In Week 5 last year, he tried to do so with that random little Josh Hill screen he’ll drop in every few games or so, and he guessed wrong.

If he guesses right, this, or a screen to one of the running backs, could go for a big gain Sunday.

The only concern I currently have is the interior of the offensive line holding up against blitzes and stunts on these plays, considering there have been a couple injuries there and the experience is limited.

With pass rushers Like Shaquil Barrett and Vita Vea on the Bucs defensive line, it’s important to stay disciplined and upright on the O line.

But if they can hold up, expect the Saints to come away with chunk plays against the blitz.

3. Bread n Butter- Option Route

I could probably just include this one every week until the end of time.

Brees, Kamara and Thomas are machines at the option route. Against man, zone, it doesn’t matter. When they want a few quick yards on long early downs or short late downs, they will call on this play.

Against man, it’s easy. You size up the defender, and if he has inside leverage, you run the out. If he has outside leverage, you run the slant.

Now the Bucs do have arguably the best coverage linebacker in the league in Lavonte David, who had by far the best PFF coverage grade in the league among LBs last year, at 91.1.

If Kamara is matched up with him, it won’t be an easy matchup. But any of the other Bucs LBs? Time to feast.

Against zone, you have an extra choice, which is just sitting in the vacated zone between defenders if no one commits to you.

The Bucs run a lot of Cover 4 coverage, with four deep defenders and only three underneath. If they do that often on Sunday, Brees is just going to gash them underneath with this stuff all game.

Jared Cook started to run the option route a bit last year as well, and was pretty good at it. I would expect Sanders to do so this upcoming season too, giving the Saints four legitimate threats to win individual matchups with this concept at any given time.

On this play, they ran it with Cook vs the curl/hook defender in the Bucs Cover 2 Zone scheme:

He gets hit and drops it, but there was a penalty for helmet-to-helmet contact. That’s not the point though. The point is to notice the flat defender poaching to make this hit, and how Bridgewater capitalized on an underneath defender’s lack of depth later on after seeing this.

4. Smash Concepts vs. Cover 6

When the Bucs do play zone, one of their most-used coverages is Cover 6, with the sixth-highest rate last season.

In this coverage, you’re basically playing Cover 4 on one side of the field and Cover 2 on the other side. The Cover 4 side is typically putting two deep defenders on the strong side with more receivers, while the backside is usually the Cover 2 side with one safety.

There’s only one problem with this, if you’re Todd Bowles and the Bucs. The Saints love putting Mike Thomas and Kamara on the weak side, which puts your weak-side flat defender in a pickle, if they’re vertically stretching him with their routes.

So late in the third quarter the Saints do just that. First, they recognize the look.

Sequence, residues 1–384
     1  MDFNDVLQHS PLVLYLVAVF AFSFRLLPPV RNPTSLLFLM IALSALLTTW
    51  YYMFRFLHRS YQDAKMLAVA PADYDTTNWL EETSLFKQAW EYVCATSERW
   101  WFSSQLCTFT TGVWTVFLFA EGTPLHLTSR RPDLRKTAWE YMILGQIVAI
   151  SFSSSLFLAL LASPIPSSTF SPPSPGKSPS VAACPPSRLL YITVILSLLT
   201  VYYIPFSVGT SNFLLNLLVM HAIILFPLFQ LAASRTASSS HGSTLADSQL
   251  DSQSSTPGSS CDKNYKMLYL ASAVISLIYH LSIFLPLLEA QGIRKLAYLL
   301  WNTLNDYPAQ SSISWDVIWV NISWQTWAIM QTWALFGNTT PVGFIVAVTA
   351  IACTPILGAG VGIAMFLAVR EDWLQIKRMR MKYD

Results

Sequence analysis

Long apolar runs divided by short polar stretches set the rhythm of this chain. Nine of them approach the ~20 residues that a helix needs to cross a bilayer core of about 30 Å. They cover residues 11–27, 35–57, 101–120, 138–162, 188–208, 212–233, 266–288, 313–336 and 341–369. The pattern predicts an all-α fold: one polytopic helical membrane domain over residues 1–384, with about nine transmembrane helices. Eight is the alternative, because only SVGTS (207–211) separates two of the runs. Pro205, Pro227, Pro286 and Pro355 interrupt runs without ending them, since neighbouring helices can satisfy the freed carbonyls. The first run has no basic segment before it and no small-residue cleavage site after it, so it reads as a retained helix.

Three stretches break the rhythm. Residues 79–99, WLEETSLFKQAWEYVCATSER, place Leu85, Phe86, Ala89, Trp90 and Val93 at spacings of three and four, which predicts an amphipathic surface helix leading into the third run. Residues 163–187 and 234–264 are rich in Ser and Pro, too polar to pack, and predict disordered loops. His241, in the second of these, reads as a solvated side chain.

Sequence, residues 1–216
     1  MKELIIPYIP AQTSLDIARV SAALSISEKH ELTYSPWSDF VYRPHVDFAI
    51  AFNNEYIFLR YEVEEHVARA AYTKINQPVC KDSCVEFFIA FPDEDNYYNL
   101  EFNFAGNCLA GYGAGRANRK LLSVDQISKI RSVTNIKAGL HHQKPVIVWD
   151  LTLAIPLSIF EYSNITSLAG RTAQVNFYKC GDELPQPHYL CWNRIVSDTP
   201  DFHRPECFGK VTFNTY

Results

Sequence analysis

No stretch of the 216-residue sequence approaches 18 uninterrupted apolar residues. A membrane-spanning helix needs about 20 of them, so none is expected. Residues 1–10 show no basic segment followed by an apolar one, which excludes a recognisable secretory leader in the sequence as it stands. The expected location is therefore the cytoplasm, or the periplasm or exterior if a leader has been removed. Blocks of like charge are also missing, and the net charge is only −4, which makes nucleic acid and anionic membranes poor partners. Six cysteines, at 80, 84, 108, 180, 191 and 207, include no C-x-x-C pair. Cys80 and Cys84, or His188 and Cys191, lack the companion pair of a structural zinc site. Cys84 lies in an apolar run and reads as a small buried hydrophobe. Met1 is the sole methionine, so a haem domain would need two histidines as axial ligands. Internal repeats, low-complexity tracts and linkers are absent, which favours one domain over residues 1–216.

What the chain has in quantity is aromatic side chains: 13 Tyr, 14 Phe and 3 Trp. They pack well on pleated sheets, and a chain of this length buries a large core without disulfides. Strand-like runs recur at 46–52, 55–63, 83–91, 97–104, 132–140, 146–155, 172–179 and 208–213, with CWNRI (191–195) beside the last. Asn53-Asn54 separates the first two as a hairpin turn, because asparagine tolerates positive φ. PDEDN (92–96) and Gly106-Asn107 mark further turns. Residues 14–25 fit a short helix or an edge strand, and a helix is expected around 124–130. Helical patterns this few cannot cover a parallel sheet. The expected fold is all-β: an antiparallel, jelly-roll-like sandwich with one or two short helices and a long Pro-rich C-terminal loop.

There are two deep defenders on the strong side (right side) and only one on the weak side. Given the tendencies of the Bucs defense, it’s a safe bet to assume they’ll be in Cover 6 if this is the look.

So, what do they Saints do? They Hi-Lo this underneath defender with a Smash-like concept.

The flat defender, Sean Murphy-Bunting (#26), sees Thomas run past him but also sees Kamara getting ready to run the option route. He eyeballs it, and allows MT to get a good bit of depth behind him.

MT sizes up the safety and breaks for a sharp turn on the corner route. Teddy B gives him a beautiful ball right behind the corner’s head for a conversion on third-and-10.

Murphy-Bunting had no business eyeing the option route this hard on third-and-long, but it gets called and thrown so many times, sometimes corners just can’t help themselves.

If Bowles continues to call this coverage, watch that weak side for similar play calls om Sunday.


On paper, I don’t see a way the Bucs really stop Brees and this Saints offense. They don’t have the personnel or a favorable scheme to do so, but then again, not many people do.

As long as they don’t turn the ball over a ton, the weapons and continuity of this unit should prevail.

This is the primary reason I’ve picked the Saints to win this game outright, as well as cover their -3.5 spread. Because let’s be honest: People can talk as much as they want about defense and the running game — as those things are definitely important — but what has won the New Orleans Saints football games in the Drew Brees/Sean Payton era is and has always been their passing attack.

I’d expect that to hold true on Sunday, against a defense they’re very familiar with.


How do you think the Saints offense will fare against the Bucs defense? Let us know in the comments. Make sure you follow Canal Street Chronicles on Twitter at @SaintsCSC, “Like” us on Facebook at Canal Street Chronicles, and make sure you’re subscribed to our new YouTube channel. As always, you can follow me on Twitter @AndrewBell_98.